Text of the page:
Thoughts...H3 or Toyota Sequoia [Archive] - Glock Talk

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757CC
11-29-2012, 19:12
Background...I have a commuter car for getting to and from work that gets in the low 30's mpg. About a year ago I sold my explorer as it began to become a money pit. I'm active and spend a lot of time outdoors with my dogs, on the boat, jet skis, etc. I am in the market for a SUV...pretty much have it narrowed down to two vehicles that I have checked out and test drove.

1. 2006 Hummer H3 - 49,500 miles original owner. Leather heated seats, sunroof. $14,500 ish

2. 2004 Toyota Sequoia 101,000 miles. Original owner. I know the owner and he is meticulous with this maintenance. $10,500

Anyone...

Restless28
11-29-2012, 19:43
JMHO, but all civilian Hummers have the ghey.

Gregg702
11-29-2012, 19:54
Hummer doesn't exist as a company anymore, parts could become harder to find as time goes on. Toyota is known for quality, I would go with that between those two.

JMS
11-29-2012, 19:55
I'm partial to Toyota's as that is all we have bought (Toyota/Lexus) since 1984. Make sure the ball joint recall has been addressed on the Sequoia.

happy seal
11-29-2012, 19:55
Hummers are complete garbage. If you want to throw money at a POS and never be able to sell it later than go ahead and buy it.
Toyota will run nearly flawlessly if not perfect and resell for excellent value.
Your choice!

RenoF250
11-29-2012, 20:01
JMHO, but all civilian Hummers have the ghey.

I agree. Packed with the ghey.

JDennis
11-29-2012, 20:02
Even though I am a employee of nissan, go for the sequoia. A H3 is a gloried trailblazer with the same problems plus some. If going domestic you would be better off with a Tahoe or Expedition with less problems, better resale and similar price.

jpa
11-30-2012, 01:55
Even though I am a employee of nissan, go for the sequoia. A H3 is a gloried trailblazer with the same problems plus some. If going domestic you would be better off with a Tahoe or Expedition with less problems, better resale and similar price.

This. The H3 is identical to the Trailblazer structurally and mechanically. It just has a boxy body, which parts for it are going to get very scarce. Someone on here posted a thread about problems finding parts for his Saturn Sky or Pontiac Solstice. Stay away from the discontinued models/brands.

Irregardless, I'd take a Toyota over a GM product any day, regardless of mileage. They are irresputibly the superior brand. I expect an influcks of comments expressing agreeance.

NeverMore1701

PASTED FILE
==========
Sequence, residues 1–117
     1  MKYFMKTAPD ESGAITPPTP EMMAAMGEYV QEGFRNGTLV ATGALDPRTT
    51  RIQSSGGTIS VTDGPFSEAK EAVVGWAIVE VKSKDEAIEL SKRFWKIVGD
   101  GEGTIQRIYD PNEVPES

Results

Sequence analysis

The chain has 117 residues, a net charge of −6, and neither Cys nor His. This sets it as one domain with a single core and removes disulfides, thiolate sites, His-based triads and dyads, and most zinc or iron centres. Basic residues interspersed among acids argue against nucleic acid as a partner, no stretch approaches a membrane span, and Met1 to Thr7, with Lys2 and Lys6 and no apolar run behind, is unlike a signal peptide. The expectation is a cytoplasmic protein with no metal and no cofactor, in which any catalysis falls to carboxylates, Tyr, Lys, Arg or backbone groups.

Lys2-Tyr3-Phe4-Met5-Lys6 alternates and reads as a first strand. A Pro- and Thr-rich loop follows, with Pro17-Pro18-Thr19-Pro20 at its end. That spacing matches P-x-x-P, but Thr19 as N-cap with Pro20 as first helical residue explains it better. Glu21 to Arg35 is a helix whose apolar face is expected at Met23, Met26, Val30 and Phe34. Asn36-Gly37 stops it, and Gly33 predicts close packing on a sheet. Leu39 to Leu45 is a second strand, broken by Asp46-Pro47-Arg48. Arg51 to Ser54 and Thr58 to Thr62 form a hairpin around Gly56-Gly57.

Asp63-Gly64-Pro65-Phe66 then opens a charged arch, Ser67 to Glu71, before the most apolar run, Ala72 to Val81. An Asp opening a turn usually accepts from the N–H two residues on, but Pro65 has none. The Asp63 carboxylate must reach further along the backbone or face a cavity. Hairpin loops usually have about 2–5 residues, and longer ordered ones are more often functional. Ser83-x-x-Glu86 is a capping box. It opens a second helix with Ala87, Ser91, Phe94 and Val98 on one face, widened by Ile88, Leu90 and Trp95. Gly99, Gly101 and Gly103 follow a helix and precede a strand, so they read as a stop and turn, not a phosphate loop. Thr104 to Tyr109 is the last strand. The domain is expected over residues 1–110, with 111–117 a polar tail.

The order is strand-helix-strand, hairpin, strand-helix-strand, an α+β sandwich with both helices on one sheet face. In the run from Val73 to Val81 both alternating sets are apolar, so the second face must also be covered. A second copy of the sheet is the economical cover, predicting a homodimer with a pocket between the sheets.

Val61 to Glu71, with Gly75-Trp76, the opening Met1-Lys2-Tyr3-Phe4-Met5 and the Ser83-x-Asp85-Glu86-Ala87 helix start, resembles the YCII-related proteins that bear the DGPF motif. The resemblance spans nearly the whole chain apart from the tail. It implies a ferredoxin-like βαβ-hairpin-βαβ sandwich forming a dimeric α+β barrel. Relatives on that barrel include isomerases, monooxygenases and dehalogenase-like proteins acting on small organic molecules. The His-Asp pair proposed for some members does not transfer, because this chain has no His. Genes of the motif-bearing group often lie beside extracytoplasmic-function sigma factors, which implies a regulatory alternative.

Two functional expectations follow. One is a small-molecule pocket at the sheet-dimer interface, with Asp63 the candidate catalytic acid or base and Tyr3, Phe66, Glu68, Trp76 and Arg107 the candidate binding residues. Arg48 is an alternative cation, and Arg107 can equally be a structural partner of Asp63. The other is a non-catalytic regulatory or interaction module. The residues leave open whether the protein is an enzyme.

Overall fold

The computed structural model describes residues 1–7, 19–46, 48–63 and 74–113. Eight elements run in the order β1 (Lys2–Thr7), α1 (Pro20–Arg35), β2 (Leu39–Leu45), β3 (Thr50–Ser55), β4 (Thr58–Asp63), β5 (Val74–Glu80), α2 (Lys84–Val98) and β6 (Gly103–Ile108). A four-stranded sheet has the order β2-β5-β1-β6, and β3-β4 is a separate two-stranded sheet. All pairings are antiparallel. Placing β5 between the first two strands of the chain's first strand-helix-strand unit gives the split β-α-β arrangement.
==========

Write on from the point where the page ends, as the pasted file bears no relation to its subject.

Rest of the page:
11-30-2012, 02:14
I'd look for a 4Runner.

skeeter7
11-30-2012, 02:15
This. The H3 is identical to the Trailblazer structurally and mechanically. It just has a boxy body, which parts for it are going to get very scarce.

The H3 is actually built on the Colorado/Canyon platform, not the Tailblazer, not that it's any better. I'm a big GM fan and own two Chevrolet's but I would still pick the Sequoia over the H3 in this situation.

nursetim
11-30-2012, 02:38
I vote for the sequoia.

Resqu2
11-30-2012, 02:45
Toyota, the 4Runner was a good suggestion someone had unless you just need more towing ability.

Viper16
11-30-2012, 06:42
Sequoia is the way to go. Solid Performer in my opinion.

clancy
11-30-2012, 07:24
As someone else posted, the H3 is built of the Colorado platform. While working at a Chevy dealership I seriously considered buying a Colorado. After speaking with several GM certified mechanics about the many and varied issues with the Colorado's design, I decided not to. They have an even lower opionion of the Hummer. Even the salesmen I spoke to think the Colorado and H3 are crap.

When a car salesman says he feels guilty when he sells an H3 to a customer, that says a lot about the piss poor quality of the vehicle. There is a reason they are no longer made.

Dan_ntx
11-30-2012, 07:29
This. The H3 is identical to the Trailblazer structurally and mechanically. It just has a boxy body, which parts for it are going to get very scarce. Someone on here posted a thread about problems finding parts for his Saturn Sky or Pontiac Solstice. Stay away from the discontinued models/brands.

Irregardless, I'd take a Toyota over a GM product any day, regardless of mileage. They are irresputibly the superior brand. I expect an influcks of comments expressing agreeance.